8. Max Tumpowsky and family, 1900 US census, Census Place: Gouverneur, Saint Lawrence, New York; Page: 2; Enumeration District: 0093; FHL microfilm: 1241156,
    Ancestry.com. 1900 United States Federal Census 
  9. “New Clothing Store,” The Weekly Courier, 05 Oct 1900, Fri, Page 6. 
  10. Jack Tumpson Goldsmith, passenger manifest, The National Archives at Washington, D.C.; Washington, D.C.; Series Title: U.S. Citizen Passenger Lists of Vessels Arriving at Miami, Florida; NAI Number: 2774842; Record Group Title: Records of the Immigration and Naturalization Service, 1787-2004; Record Group Number: 85,
    Ancestry.com. Florida, Passenger Lists, 1898-1963 
  11. Samuel R Goldsmith and family, 1910 US census, Census Place: Connellsville Ward 5, Fayette, Pennsylvania; Roll: T624_1344; Page: 6A; Enumeration District: 0012; FHL microfilm: 1375357, Ancestry.com. 1910 United States Federal Census 

The Dinkelspiel Descendants in the 20th Century

In my last post, I covered four of the five children of Paula Dinkelspiel and Moses Simon.  The remaining child was their fourth child, Flora, born in 1868.  Flora Simon married Charles Mayer in 1889.  Charles was born in Lancaster, Pennsylvania, in 1857, the son of Jacob Mayer and Mathilde Shoyer.  The family had moved to Philadelphia by the time Charles was three.  His father was a merchant on the 1860 census and in the wholesale liquor business on the 1870 census, but by 1880 and thereafter, he listed his occupation as a dentist.  He was a man with eleven children, and that made me wonder how he became a dentist while raising such a large family.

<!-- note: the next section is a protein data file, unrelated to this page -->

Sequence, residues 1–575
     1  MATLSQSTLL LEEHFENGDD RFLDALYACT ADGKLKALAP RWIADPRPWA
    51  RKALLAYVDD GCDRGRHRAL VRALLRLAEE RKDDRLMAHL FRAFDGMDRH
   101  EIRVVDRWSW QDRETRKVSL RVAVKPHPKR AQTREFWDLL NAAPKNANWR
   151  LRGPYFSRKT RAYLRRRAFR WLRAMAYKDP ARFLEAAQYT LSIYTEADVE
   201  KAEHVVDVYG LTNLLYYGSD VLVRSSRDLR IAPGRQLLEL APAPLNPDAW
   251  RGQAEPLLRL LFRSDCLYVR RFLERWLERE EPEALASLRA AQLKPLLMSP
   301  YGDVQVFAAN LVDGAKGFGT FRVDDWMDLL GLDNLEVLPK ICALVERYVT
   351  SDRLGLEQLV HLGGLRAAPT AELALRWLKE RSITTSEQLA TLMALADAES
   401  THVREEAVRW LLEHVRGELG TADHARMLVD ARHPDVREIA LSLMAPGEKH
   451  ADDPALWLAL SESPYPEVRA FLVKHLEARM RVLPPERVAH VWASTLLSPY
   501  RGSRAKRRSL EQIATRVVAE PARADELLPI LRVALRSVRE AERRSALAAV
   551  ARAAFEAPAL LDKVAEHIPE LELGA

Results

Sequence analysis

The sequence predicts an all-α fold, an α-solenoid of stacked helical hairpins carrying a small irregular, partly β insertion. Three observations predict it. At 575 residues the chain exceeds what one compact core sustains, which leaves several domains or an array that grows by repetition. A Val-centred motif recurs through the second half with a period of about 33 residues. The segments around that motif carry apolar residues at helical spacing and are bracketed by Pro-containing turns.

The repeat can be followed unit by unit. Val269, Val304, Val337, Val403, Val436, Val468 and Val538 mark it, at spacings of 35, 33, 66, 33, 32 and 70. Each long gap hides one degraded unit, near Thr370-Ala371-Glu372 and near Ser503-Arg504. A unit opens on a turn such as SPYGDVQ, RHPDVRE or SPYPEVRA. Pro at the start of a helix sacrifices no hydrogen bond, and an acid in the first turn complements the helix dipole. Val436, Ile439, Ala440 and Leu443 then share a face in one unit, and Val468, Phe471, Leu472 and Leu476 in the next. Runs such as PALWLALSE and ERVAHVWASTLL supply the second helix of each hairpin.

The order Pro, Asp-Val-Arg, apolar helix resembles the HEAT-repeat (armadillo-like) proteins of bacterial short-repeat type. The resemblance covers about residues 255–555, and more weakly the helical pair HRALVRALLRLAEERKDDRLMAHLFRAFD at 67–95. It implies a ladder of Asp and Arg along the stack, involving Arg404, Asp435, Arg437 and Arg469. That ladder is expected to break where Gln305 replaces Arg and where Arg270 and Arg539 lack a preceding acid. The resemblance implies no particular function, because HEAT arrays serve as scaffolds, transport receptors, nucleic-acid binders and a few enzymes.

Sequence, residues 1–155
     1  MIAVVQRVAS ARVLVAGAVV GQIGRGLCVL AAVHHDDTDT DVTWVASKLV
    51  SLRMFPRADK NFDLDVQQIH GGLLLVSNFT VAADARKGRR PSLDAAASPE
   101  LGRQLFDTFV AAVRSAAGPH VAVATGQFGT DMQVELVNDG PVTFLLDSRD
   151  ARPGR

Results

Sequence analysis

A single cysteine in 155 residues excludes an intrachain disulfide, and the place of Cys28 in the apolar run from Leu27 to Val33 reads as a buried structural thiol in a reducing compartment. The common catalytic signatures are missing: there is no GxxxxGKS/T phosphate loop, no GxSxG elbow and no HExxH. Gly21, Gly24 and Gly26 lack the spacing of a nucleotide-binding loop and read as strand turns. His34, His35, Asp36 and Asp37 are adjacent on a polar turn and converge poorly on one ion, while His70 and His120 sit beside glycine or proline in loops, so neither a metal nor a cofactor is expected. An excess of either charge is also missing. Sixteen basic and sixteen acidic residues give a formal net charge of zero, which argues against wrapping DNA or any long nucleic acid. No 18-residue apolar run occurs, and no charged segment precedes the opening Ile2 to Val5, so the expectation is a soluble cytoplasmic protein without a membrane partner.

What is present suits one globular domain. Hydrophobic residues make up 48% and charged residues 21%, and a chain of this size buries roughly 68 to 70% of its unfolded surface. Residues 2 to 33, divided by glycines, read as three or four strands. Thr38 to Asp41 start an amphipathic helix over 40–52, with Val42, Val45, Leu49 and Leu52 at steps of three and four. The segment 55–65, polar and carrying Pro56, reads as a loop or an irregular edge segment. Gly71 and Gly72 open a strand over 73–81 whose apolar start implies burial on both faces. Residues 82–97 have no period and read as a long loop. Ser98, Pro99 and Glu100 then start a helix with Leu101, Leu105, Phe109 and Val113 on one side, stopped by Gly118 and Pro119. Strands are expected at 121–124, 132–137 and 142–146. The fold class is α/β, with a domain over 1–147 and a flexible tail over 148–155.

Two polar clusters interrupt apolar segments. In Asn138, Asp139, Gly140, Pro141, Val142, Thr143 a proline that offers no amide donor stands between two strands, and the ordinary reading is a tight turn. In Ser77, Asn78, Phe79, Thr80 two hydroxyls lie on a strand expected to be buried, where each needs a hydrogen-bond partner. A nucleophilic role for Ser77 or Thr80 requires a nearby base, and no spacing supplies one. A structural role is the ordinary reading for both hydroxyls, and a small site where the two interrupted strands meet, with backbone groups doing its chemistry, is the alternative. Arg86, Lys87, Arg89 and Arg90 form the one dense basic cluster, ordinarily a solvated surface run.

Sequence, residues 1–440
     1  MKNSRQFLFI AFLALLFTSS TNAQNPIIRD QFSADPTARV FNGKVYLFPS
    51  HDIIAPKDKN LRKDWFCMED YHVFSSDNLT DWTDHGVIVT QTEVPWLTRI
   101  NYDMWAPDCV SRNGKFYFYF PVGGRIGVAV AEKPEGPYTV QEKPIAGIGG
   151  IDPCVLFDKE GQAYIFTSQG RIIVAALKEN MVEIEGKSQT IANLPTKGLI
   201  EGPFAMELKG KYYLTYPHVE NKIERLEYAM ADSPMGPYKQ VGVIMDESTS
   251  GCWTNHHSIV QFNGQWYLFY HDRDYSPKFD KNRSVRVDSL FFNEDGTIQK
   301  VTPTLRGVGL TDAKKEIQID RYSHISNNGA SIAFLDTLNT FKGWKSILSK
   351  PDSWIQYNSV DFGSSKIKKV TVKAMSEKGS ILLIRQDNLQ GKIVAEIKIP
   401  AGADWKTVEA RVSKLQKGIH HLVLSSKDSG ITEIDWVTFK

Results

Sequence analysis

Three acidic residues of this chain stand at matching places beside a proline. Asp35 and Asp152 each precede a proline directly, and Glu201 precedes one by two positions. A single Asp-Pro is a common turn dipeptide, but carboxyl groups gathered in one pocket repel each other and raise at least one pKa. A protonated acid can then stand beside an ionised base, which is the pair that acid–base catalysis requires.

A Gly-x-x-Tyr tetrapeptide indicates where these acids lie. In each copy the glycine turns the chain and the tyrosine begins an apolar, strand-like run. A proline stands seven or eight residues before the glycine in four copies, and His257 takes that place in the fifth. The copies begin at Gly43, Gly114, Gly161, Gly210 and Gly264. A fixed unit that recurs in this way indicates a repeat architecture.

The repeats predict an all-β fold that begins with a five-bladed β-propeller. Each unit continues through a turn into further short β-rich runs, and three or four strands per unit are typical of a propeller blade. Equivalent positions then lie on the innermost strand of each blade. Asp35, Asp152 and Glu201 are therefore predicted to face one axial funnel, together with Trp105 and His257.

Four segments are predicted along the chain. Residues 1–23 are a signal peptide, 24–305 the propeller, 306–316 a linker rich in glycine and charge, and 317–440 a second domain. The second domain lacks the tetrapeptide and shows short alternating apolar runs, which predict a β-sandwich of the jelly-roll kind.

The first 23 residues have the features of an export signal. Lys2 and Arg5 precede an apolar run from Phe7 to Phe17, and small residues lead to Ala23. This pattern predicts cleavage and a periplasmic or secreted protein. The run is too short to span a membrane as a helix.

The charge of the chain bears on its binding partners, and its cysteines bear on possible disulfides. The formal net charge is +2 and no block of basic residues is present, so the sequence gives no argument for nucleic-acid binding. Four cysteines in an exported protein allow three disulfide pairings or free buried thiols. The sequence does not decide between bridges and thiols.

Most early “dentists” were actually barbers, blacksmiths, or apothecaries.  Sometimes physicians would do extractions.  Infection control was minimal, as was anesthesia.  According to the American Dental Association website, the first dental school in the world was established in 1841 in Baltimore.  Alabama enacted the first law to regulate the practice of dentistry also in 1841, but it was never enforced.  The American Dental Association was founded in 1857.  Pennsylvania had three dental schools by 1880, the newest being that established by the University of Pennsylvania.